As reprehensible as these posts may be, they are still considered free speech and therefore allowed under Twitter’s terms and conditions. If I wanted to find some red meat, I’d have to dig a little deeper.

I popped back over to Gephi’s Data Laboratory and ranked the hashtag table by follower count. There, at the bottom of the list, something caught my eye.

Whomst amongst us hasn’t created eight Twitter accounts in 49 minutes.

Ten Twitter accounts somehow involved with the hashtag #1915olaylari had all been created on April 20, 2021 - just four days before Biden’s announcement - including eight in less than an hour. Here’s how they appear in Gephi’s network visualizer:

The big grey circles are the bot accounts, the small grey circle in the middle is an account they all retweeted, the other small grey circles are non-bot accounts, and the lines are likes or retweets of a #1915olaylari tweet.

Most of the accounts also appear to share the naming convention of @bar- or @ber- followed by random numbers. (Note, I archived all the bot accounts, which you can find here: 1, 2, 3, 4, 5, 6, 7, 8, 9, 10).

If you click into the accounts, you’ll notice that they have very similar activity. All of them retweeted a post by Talip Emiroglu who, according to his website, promotes tolerant education “without forgetting that he is a Turk”.

A post by Emiroglu (archived account here) translates to: These brutal minds who did not see their own massacres as genocide; If he hadn't said the events of 1915 as genocide, then we would have been imprisoned. We did not fight for liberation by getting permission from them. The Republic of Turkey will live forever. #birlikolursak #1915Olayları

Although he is retired, Emiroglu spent his career founding and maintaining educational institutions and is currently a trustee for a pair of Turkish universities. One of the schools he founded, Kocaeli Health and Technology University, also posted a tweet that garnered a high degree of bot activity.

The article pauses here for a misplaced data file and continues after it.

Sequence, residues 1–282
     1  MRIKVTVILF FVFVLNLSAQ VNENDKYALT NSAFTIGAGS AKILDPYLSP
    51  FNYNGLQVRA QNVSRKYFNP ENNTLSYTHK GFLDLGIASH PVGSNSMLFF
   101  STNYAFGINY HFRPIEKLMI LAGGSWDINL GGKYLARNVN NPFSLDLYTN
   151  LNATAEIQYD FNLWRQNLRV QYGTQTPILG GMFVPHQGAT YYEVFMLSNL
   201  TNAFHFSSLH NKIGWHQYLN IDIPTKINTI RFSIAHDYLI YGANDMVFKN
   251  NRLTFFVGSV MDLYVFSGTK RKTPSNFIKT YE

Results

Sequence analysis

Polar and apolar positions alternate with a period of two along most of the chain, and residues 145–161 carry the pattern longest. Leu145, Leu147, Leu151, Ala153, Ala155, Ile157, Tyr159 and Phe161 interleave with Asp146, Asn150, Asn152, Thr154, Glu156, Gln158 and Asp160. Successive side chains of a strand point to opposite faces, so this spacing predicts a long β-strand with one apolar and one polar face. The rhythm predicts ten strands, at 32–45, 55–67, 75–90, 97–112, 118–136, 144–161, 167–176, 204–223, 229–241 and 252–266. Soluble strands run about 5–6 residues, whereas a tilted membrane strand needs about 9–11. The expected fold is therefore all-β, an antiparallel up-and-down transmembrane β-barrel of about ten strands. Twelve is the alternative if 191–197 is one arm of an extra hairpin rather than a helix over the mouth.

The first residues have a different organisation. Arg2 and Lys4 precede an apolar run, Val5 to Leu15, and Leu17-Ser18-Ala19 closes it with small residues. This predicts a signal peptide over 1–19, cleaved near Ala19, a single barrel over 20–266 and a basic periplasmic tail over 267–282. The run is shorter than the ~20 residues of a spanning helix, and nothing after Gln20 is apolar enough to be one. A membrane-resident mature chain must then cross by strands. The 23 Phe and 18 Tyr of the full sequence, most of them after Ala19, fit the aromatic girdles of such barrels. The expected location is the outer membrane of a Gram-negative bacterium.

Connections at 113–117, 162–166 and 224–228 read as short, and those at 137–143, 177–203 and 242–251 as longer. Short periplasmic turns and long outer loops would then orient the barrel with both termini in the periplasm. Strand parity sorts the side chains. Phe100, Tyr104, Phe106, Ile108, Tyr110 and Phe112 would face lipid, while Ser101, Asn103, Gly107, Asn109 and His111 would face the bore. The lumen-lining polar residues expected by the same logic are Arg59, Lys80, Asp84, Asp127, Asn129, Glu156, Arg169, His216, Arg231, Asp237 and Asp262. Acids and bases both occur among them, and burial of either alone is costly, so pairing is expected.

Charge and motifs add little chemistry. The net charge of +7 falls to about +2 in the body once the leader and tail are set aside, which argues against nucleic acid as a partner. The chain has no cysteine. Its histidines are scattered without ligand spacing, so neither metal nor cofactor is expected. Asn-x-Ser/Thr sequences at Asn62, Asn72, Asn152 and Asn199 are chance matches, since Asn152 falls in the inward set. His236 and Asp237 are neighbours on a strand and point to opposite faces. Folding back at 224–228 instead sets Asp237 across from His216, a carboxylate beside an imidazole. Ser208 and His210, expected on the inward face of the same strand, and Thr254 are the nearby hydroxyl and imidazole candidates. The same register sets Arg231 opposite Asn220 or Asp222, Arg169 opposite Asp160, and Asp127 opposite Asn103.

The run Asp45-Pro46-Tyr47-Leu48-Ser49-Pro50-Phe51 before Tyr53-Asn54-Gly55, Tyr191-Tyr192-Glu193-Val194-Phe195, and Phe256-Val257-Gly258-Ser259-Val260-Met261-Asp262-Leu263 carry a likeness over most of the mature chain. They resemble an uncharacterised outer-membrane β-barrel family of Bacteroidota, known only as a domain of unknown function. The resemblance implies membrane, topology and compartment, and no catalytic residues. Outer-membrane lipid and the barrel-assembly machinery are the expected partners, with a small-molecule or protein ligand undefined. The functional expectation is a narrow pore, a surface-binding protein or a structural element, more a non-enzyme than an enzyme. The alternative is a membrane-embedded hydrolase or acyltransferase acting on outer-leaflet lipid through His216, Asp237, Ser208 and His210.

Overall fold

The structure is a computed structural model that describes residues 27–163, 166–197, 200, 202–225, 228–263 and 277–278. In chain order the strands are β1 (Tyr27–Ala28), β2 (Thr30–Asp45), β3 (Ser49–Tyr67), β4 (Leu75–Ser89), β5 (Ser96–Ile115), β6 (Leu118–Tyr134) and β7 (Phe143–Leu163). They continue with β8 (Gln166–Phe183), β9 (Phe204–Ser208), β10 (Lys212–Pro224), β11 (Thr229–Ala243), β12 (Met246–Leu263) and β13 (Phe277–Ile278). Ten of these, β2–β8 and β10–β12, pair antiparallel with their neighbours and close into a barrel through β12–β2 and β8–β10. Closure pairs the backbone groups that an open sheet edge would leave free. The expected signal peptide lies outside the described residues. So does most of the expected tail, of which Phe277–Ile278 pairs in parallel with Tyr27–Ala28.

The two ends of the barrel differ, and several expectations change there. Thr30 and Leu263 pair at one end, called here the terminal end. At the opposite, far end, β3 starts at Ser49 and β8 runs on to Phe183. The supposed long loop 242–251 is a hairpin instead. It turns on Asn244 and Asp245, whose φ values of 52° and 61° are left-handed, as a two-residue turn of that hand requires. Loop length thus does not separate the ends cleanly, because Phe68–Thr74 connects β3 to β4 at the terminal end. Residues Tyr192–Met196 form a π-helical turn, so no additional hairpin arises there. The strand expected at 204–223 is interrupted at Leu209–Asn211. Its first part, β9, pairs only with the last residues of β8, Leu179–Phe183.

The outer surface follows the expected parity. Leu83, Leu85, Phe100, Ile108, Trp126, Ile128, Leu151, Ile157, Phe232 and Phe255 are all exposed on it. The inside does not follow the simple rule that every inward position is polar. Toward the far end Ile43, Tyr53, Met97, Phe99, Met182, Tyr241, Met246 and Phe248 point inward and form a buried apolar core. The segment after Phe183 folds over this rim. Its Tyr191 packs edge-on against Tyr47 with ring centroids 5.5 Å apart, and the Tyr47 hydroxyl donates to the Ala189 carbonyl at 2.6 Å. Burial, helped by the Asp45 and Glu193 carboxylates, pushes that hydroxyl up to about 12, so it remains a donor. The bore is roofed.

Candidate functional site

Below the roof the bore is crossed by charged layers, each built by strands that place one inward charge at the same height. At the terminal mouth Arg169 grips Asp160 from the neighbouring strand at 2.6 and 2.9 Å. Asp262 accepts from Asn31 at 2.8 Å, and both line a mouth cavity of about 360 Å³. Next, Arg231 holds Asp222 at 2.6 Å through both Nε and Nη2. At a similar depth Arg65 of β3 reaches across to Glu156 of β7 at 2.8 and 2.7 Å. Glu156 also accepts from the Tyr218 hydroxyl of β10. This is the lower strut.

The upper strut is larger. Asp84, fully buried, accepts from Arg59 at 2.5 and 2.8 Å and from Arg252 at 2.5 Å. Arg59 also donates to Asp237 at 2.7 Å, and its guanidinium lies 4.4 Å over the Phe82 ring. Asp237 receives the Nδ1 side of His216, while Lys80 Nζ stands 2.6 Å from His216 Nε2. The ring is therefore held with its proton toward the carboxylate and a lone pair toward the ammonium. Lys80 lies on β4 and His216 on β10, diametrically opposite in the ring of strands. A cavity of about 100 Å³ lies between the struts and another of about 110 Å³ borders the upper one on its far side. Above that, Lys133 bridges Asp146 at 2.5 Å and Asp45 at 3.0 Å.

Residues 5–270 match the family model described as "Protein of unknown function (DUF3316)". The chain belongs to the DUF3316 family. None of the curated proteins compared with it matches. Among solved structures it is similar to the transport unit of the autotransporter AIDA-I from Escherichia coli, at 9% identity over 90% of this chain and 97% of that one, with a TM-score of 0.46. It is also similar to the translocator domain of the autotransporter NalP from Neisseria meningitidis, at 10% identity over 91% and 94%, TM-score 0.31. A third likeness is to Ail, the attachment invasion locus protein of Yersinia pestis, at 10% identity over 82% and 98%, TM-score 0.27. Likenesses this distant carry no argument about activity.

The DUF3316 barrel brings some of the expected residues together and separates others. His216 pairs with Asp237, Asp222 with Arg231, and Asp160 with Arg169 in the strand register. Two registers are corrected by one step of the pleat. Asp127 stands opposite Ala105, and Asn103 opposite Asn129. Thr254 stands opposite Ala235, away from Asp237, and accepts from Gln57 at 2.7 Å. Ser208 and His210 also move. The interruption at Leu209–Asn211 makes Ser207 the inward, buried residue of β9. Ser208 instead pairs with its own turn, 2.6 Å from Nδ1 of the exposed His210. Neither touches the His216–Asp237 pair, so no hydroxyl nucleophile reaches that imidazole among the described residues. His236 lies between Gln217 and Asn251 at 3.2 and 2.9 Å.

I ran the university and Emiroglu’s accounts through Botometer, a website that automatically identifies which Twitter accounts have bot-like qualities. Among the metrics Botometer tracks is one that determines how many of an account’s followers may be Twitter bots. Needless to say, the results weren’t kind to either Emiroglu or the university’s accounts:

A sample of Emiroglu’s followers.

A sample of the university’s followers.

Just to be extra sure, let’s dig into a specific example. The extent of @tuesimge3’s Twitter activity (archived page here) consists of exactly three retweets and three likes at the time of writing (April 29, 2021). She retweeted two posts by the school mentioned above, Kocaeli Health and Technology University, and one post by Emiroglu. She liked the same three posts. All three are staunchly nationalistic and two deny the Armenian genocide happened, even going so far as to say Biden’s declaration is “contrary to historical facts” and is “a political lie”.

I reverse Google image searched @tuesimge3’s profile picture and found it was actually an Adobe stock photo of “e-learning”:

Botometer also flagged her account as virtually radioactive on their bot scale:

And although she is just one example, the other bots in the network displayed very similar patterns of activity.

While I’m not able to determine who owns the bot network, it certainly seems likely that someone associated with the university in Kocaeli is using bots to push a highly anti-Armenian and pro-Turkish message. As other current events happen in Turkey, it would be interesting to stream related hashtags to see if similar bots emerge.

A final thing to keep in mind is that I was only able to stream the #1915olaylari hashtag for about ten minutes before being overwhelmed by the results. These ten bot accounts popped up in just those ten minutes, which implies that the full network to which these bots belong is much larger.

If you want to explore the network further or if you’re able to figure out any additional information, don’t hesitate to drop a comment below, DM me @LOActualControl or send me an email at lineofactualcontrol [at] protonmail [dot] com.